So what happens? That unemployment climbs up until almost unheard of levels: more than four million people right now are searching for a job... but, of course, they can't still accept salaries that would not allow them to pay the rent (or mortgage). Other living costs are not low either but housing is the main one and therefore the main problem.

EU rules on "free market" do not help, because they introduce too many constraints on what a government can do. For example, if a (most reasonable) law would be made to force empty homes to be sold/rented or expropriated at half cost, that would violate the EU directives and put the state in serious legal trouble. If the state would increase its debt to massively build subsidized homes at cheap prices, as is much needed, EU would again complain.

So I guess that there is no realistic exit within the parameters of capitalism and EU. So I wonder: what are all those grunters complaining about? Spain is a perfectly normal capitalist economy where oligopolies work to maximize benefits at the cost of the working class. Just business as usual.

Maybe they fear that the working class may get unruly and shatter the status quo? Maybe that's what they are really worried about but they should then address the needs of the people and not just those of the corporations and the tiny elite that owns them. But that would be "socialism" and that's not what EU nor Spain are about.

Update: I just stumbled upon this analysis by Michael Hudson on the reappointment of Ben Shalom Bernanke as director of the US Federal Reserve. And, guess what?, he has exactly the same analysis for the USA than I was making here for Spain: that while housing prices don't fall, salaries will remain high and the economy won't be competitive. Sadly enough, in the USA as in Europe, this is not a policy that rulers are willing to consider.


Ken said...

The Germans are going to be asked to bail out Greece and maybe Spain.

I suppose the German economy is better off than it looks on paper compared to the other European countries because it's more solidly based, ie it doesn't rely on a speculative property boom to the same degree. I read somewhere that Germans rarely discussed how much their house had gone up in value, (it was a common boast in Britain once).

Maju said...

Spain doesn't need any bailout. It's only problem is lack of competitivity. Spanish debt, as you can see in the graph is very low, lower than any country of its size except South Korea.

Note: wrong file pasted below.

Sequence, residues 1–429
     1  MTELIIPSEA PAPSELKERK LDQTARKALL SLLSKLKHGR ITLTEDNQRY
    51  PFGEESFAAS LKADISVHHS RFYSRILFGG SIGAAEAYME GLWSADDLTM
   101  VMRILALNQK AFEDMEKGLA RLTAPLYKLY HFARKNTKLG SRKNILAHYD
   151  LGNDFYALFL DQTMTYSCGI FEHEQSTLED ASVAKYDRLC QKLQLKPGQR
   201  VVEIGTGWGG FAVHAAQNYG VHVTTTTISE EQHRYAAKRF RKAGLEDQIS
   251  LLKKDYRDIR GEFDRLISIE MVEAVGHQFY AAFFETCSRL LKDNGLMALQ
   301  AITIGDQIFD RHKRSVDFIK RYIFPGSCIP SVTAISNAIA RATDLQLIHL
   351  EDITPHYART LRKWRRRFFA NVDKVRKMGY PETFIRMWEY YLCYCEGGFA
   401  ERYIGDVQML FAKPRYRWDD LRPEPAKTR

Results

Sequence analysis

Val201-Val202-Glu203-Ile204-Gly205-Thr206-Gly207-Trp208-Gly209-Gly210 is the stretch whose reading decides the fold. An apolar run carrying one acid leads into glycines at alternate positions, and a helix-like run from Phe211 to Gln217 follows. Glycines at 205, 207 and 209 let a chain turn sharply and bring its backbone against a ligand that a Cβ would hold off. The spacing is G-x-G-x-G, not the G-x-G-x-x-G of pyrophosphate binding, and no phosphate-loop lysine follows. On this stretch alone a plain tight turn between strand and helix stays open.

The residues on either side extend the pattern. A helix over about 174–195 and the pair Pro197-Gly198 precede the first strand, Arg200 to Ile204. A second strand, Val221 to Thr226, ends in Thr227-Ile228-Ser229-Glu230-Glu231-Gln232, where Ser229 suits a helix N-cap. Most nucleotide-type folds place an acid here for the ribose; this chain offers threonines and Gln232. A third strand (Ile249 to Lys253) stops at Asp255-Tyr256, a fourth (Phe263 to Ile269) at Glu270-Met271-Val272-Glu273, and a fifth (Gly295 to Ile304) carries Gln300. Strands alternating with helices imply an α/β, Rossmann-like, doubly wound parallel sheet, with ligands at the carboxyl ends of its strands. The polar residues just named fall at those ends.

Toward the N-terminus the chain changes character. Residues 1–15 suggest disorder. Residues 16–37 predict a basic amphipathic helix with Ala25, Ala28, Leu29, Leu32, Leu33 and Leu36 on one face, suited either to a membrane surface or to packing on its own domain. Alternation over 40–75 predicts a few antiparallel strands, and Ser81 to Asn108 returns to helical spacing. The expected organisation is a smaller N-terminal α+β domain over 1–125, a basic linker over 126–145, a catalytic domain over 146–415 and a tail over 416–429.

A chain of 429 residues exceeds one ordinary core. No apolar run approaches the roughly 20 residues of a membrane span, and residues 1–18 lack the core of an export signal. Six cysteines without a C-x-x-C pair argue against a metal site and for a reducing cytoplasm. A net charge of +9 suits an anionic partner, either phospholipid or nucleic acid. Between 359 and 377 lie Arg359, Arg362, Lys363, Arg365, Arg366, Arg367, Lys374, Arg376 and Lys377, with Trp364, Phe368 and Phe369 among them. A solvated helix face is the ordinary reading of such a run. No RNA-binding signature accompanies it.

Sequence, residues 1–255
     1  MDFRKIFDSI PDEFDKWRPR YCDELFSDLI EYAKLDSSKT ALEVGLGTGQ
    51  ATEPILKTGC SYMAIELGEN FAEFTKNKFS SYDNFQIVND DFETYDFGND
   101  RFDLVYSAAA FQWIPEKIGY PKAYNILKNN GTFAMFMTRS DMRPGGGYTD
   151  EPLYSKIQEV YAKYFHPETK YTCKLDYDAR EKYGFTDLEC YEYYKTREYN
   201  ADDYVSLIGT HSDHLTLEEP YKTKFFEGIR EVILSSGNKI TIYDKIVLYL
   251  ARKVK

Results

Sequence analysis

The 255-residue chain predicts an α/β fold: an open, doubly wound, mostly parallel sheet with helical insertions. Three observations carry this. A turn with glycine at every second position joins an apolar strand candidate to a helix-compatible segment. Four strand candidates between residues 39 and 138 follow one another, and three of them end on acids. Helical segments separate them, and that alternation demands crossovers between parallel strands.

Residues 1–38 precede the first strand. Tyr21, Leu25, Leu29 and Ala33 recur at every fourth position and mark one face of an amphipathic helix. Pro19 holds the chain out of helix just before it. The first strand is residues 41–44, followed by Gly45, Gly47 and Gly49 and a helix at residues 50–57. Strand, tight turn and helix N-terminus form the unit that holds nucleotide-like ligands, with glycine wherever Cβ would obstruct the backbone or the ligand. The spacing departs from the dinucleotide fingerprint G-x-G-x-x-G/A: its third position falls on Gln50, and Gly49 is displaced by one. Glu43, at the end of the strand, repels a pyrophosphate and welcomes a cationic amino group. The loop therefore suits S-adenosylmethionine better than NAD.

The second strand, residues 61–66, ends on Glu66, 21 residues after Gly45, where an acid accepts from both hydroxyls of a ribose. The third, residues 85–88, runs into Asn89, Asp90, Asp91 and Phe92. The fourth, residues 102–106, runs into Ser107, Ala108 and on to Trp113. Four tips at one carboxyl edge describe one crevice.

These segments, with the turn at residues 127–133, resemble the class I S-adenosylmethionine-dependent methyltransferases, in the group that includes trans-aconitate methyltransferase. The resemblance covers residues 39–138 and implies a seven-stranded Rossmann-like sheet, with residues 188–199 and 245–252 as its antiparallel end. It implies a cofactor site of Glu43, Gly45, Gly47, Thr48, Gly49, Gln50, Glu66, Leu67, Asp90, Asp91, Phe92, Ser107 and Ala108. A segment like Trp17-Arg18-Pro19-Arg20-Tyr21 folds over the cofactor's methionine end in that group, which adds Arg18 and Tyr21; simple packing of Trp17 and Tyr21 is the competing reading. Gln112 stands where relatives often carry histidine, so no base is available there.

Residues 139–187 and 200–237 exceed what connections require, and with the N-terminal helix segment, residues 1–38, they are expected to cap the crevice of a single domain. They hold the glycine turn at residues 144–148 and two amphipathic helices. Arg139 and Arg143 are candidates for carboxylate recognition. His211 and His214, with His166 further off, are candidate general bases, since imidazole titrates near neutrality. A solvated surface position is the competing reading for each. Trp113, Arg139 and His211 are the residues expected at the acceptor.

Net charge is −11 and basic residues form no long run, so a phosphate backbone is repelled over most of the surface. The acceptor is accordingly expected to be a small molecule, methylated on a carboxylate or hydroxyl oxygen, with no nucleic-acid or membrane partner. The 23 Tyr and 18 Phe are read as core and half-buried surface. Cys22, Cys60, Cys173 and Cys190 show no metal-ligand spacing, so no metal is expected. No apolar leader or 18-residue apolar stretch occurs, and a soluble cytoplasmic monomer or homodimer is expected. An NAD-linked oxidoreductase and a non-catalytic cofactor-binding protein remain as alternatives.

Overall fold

Italy and Greece are clearly highly indebted but otherwise all the talk about the PIIGS is just FMI nonsense to make costs drop.

Lowering costs would be nice, I guess, but it's simply impossible because the cost of life doesn't drop. In this, as I argued in the article, the main factor is (not only in Spain but also in the similarly troubled USA) the absurdly high cost of housing.

However the USA can still take advantage of its relatively high technological level and top level financial position, something that Spain can't probably.

So Spain has only one choice: lowering the cost of life. This can only be done with increased state intervention (of the right kind) and increased indebtment for some time. Alternatively it can be done by violent means (revolution and expropriation of the underused real state). Finally it might be done by legal means without a revolution (the Spanish constitution gives the means to do it, as property has lower status than housing or jobs as civic right and is subject to social needs in theory) but I seriously doubt they will make such progress without some blood spilling first.

Maju said...

Notice how what I just wrote is exactly the principal capitalist contradiction as per Karl Marx: Capital tries to lower costs by lowering salaries but also tries to maximize benefits by increasing prices. At some point these opposite trends cause structural crashes because people just lack the purchasing power to buy the products - demand is lower than offer and stays that way for long.

Such structural crisis can only be resolved with socialism of some sort. The longer we take to realize this the more we will suffer.